What’s in YOUR German Shorthaired Pointer?

Did you know that the main source of basic foundation stock for the fabulous German Shorthaired Pointer is believed to have been the German Bird Dog, but that Germans introduced English Pointers to lend elegance to the German Shorthaired Pointer prototype?


Some sources point out that the German Shorthaired Pointer was bred before the first studbook was created in 1870, so the exact breeds that went into its bloodline are unknown, but there is consensus that the German Bird Dog was a definite ancestor.  Other breeds, however, have been thrown into the mix about what contributed to the breed. They include the Spanish pointer, the English pointer, the Dalmatian, the Weimaraner, the tracking hound, and the Vizsla. 

We’ll leave the debate to cynologists and breed enthusiasts, we’re just delighted that the breed exists! This a tremendous hunting dog and companion, and the 380th Air Expeditionary Wing thinks so, too. “Haus,” ‘a GSP, is a well-trained explosives sniffer dog with the 380th. One of his handlers,  Staff Sgt. Zerrick Shanks, says, “We also conduct random walking patrols for suspicious packages and activities. ‘Haus’ is a hard-working dog with an important job, but it’s worth noting he also happens to look pretty spiffy in goggles.” As an aside, the TSA also uses the German Shorthaired Pointers.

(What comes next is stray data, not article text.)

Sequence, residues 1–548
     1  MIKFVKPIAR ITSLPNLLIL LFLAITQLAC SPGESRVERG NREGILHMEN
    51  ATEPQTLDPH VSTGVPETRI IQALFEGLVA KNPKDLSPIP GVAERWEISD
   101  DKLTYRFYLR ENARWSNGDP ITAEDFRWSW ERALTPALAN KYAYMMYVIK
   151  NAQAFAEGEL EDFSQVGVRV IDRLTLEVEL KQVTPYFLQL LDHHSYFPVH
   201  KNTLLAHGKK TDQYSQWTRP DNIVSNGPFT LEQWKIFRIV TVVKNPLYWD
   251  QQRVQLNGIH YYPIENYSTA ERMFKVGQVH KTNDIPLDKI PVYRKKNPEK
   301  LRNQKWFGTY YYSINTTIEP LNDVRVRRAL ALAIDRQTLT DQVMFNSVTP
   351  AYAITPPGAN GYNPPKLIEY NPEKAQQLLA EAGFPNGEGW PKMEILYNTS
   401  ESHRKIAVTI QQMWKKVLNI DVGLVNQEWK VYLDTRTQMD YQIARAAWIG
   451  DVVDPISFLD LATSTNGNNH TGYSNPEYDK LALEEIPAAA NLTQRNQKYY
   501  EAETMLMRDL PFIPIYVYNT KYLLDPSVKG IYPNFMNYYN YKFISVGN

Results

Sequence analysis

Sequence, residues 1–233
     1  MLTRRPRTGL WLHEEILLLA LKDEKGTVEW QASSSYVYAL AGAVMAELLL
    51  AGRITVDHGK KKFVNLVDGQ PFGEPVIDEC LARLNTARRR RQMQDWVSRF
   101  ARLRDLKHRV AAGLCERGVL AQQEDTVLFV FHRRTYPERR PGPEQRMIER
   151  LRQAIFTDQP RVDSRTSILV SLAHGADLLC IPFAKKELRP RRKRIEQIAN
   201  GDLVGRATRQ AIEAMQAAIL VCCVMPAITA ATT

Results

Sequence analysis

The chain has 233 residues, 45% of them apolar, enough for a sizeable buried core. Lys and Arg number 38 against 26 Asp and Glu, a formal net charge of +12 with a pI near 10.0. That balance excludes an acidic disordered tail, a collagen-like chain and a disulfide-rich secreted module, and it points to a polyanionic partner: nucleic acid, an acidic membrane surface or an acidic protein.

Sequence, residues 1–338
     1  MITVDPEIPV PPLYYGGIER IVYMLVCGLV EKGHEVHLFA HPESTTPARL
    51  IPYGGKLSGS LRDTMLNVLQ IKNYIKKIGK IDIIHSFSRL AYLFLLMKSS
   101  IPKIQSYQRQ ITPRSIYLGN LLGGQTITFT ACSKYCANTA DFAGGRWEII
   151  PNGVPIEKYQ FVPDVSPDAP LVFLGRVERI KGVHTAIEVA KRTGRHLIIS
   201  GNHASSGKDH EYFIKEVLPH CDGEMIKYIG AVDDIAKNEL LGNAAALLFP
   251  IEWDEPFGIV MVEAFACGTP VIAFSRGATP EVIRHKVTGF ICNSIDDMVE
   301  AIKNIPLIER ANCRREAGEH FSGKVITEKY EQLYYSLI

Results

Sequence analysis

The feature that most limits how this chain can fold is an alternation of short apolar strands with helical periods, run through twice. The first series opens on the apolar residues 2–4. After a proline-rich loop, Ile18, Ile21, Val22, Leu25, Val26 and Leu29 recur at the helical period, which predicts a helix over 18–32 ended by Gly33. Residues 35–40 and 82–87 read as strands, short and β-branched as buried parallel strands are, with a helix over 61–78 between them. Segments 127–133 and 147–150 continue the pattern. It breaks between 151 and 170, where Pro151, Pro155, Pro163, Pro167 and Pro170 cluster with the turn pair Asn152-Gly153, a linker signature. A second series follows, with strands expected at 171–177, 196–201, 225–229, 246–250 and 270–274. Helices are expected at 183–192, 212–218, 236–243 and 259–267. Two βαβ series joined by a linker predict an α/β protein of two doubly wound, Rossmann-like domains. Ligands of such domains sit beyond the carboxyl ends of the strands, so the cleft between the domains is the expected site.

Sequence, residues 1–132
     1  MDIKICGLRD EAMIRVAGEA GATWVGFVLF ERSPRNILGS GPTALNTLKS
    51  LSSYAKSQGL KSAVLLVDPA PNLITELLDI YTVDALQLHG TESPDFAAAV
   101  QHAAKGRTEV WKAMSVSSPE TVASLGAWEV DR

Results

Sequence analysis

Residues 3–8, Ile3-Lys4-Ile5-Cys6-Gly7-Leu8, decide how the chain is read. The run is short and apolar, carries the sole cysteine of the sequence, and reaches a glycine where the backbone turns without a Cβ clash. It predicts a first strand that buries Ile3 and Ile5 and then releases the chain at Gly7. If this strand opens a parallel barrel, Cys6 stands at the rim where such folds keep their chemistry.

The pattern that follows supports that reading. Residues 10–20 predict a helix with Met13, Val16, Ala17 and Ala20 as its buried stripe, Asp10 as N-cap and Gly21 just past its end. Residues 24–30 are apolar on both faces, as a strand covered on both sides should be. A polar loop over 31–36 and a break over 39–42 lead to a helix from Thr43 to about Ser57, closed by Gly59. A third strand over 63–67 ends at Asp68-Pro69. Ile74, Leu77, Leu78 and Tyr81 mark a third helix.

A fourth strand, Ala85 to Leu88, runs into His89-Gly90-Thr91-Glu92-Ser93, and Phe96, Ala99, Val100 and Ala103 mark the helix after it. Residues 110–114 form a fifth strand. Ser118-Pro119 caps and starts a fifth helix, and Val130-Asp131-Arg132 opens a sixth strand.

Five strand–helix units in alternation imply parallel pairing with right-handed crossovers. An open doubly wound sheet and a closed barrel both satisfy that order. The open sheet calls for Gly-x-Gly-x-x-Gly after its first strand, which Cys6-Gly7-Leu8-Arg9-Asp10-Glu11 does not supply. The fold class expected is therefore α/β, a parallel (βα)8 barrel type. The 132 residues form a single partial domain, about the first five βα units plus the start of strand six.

As cool as all that is, we want to see YOUR GSPs doing what they do, from field trials and therapy work, to nose work and obedience. Prove us right that this is one versatile breed by sharing  your photos here!

German Shorthaird Pointer by Pieter Zaadstra

2 thoughts on “What’s in YOUR German Shorthaired Pointer?”

  1. Baby bird dog doing what comes naturally! But be sure to look for well bred, healthy dogs with health testing certificates to back up the breeder’s claims before purchasing a GSP puppy.

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